Johnson County residents prep for emerald ash borer
Josh O’Leary, Iowa City Press-Citizen
When the emerald ash borer was found in Cedar County last fall, it only added to the urgency locally to prepare for the inevitable arrival of the invasive insect that has wiped out millions of trees in the U.S.
On Tuesday, experts led a pair of programs for Johnson County professionals and homeowners about how to identify the east Asian beetles, how to inspect ash trees for signs of damage and what preventative treatment options exist.
Mike Kintner, an entomologist for the Iowa Department of Agriculture and Land Stewardship, said the emerald ash borer has the potential to be even more destructive than Dutch Elm Disease, which devastated the U.S. elm tree population last century.
“So far the emerald ash borer has killed millions of ash trees, and it will continue on killing millions more,” Kintner said in a presentation at the Johnson County Extension office. “We’re not even close to experiencing the full damage of this pest.”
Emerald ash borers are small, metallic-green beetles that are about a half-inch long and an eighth-of-an-inch wide — one can fit easily on a penny. The insects, native to Asia, first was found in the U.S. in Michigan in 2002 has since killed tens of millions of ash trees in 13 states.
The insect was first detected in Iowa in 2010 and has since been identified in nine counties, including eight since 2013. The beetle was discovered in Mechanicsville in Cedar County in October.
Iowa is home to some 55 million ash trees, including nearly 3 million in urban areas — most of which are expected to be wiped out by the insect in the coming decades, experts say. The pest could cost cities millions in removal expenses of ash trees in public right-of-ways and parks. Ash trees, once infested, can become brittle and present falling hazards.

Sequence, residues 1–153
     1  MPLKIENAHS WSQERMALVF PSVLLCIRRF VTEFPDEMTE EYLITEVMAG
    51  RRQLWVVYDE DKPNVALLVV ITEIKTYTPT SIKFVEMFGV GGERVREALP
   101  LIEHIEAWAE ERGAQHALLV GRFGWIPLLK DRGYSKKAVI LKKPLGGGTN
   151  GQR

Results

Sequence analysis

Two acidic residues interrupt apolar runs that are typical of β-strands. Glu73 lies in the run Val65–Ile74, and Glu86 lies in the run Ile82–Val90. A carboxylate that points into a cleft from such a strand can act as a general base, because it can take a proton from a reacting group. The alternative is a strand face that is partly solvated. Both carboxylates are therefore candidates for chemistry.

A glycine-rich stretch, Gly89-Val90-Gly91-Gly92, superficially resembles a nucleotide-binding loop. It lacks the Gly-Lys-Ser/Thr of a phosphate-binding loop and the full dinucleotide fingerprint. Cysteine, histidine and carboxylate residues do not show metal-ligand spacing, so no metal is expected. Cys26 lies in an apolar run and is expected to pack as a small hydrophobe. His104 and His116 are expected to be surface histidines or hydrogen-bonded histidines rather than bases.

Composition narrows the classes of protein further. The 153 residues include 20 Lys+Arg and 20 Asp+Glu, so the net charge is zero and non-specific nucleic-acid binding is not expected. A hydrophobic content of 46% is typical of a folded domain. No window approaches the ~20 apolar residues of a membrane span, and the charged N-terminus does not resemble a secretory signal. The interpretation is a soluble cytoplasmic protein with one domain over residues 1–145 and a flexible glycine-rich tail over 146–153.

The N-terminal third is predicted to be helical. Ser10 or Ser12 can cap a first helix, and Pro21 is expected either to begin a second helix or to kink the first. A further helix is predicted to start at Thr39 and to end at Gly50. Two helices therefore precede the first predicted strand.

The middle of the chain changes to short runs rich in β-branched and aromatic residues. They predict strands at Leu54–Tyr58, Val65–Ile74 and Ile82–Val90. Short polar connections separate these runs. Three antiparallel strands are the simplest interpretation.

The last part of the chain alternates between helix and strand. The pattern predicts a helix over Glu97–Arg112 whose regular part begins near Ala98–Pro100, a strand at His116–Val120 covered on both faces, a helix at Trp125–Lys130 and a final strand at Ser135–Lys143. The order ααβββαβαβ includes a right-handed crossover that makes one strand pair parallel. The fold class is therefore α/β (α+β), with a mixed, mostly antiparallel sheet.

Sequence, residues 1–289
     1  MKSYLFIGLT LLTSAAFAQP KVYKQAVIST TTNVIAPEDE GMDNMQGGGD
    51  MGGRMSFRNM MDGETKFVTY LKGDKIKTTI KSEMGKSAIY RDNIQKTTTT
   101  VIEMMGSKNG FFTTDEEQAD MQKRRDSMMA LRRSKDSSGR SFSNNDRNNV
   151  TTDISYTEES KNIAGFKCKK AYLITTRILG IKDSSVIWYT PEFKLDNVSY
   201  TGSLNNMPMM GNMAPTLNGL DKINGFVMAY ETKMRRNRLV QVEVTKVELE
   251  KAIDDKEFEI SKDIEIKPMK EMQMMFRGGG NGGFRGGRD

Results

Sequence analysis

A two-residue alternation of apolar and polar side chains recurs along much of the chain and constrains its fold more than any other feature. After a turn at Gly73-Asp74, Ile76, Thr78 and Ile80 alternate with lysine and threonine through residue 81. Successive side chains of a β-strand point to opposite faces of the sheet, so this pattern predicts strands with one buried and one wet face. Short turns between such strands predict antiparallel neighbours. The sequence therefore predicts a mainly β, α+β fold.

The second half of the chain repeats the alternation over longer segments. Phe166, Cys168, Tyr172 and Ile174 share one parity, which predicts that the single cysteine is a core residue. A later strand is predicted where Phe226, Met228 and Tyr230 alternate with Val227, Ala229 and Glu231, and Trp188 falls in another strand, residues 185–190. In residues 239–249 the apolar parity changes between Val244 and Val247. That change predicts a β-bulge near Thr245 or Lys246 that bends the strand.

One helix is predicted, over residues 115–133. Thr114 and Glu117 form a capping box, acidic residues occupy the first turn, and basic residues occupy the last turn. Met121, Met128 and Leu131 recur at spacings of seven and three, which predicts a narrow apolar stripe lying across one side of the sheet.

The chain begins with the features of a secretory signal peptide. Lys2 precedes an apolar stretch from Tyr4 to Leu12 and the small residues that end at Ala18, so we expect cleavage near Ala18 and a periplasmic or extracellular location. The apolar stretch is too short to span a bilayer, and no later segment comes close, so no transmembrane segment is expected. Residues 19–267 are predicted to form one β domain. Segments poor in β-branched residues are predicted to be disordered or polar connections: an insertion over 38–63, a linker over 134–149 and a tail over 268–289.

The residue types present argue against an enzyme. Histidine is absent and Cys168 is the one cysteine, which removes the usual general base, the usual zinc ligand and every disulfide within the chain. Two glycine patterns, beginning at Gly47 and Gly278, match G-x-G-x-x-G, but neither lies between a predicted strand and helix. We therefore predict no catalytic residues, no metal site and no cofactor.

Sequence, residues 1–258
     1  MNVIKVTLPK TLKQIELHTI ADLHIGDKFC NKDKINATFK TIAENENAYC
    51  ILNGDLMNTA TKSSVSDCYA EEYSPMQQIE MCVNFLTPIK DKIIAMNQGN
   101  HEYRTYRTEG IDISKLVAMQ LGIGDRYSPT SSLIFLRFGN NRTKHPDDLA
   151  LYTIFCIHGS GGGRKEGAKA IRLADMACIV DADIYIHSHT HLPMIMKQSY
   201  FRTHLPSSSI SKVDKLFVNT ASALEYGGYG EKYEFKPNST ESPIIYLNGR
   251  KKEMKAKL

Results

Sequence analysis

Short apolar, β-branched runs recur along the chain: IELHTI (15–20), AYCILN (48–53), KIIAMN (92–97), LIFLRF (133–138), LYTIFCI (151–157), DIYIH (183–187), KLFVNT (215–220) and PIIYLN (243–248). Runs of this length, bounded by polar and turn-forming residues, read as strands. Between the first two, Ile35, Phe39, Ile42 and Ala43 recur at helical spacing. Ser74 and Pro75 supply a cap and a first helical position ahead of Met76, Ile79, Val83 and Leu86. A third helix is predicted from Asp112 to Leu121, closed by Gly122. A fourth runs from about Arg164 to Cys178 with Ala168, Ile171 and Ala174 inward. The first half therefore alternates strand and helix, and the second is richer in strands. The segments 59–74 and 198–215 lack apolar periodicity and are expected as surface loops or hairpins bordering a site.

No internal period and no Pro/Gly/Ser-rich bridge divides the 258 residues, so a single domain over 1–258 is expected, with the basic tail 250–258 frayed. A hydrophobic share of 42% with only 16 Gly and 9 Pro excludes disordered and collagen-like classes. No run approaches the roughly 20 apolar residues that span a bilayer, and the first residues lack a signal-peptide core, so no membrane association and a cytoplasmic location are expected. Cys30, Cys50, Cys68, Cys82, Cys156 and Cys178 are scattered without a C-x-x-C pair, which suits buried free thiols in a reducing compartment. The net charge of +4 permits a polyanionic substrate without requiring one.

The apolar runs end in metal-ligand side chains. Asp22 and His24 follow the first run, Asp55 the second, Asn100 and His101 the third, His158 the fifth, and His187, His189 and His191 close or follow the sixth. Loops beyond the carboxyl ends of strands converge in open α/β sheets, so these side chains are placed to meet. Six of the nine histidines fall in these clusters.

Mark Shour, an entomologist with Iowa State University Extension, said the insect can be difficult to spot because its telltale damage — the “D” shaped holes where the beetles emerge, the notching of leaflets, bark being stripped away — doesn’t occur initially at eye level.
“This insect always hits the top part of tree and goes down,” Shour said. “That’s why early detection is hard.”
Regular chemical treatments can stave off the insect for individual trees using a variety of methods, including soil injections, soil drenchings, bark sprays and trunk injections. Treatments generally need to be applied annually, though Shour said the tree must be in good health, and cities and property owners need to decide if the tree is worth preserving.
“The trees you want to save need to be a benefit to the owner or the town,” he said.
While property owners have the option of treating their trees, the DNR does not recommend doing so unless the pest has been found within 15 miles. The site of the Cedar County infestation is about 30 miles from Iowa City.
Shour said in the insect’s first five or six years after its introduction to an area, the damage can be slow to manifest. After that period, however, the number of trees affected spikes dramatically.
“Just because people are not seeing the massive deaths of ash trees at one time at the beginning of infestation doesn’t mean it’s not coming,” Shour said.
Reach Josh O’Leary at 887-5415 or firstname.lastname@example.org.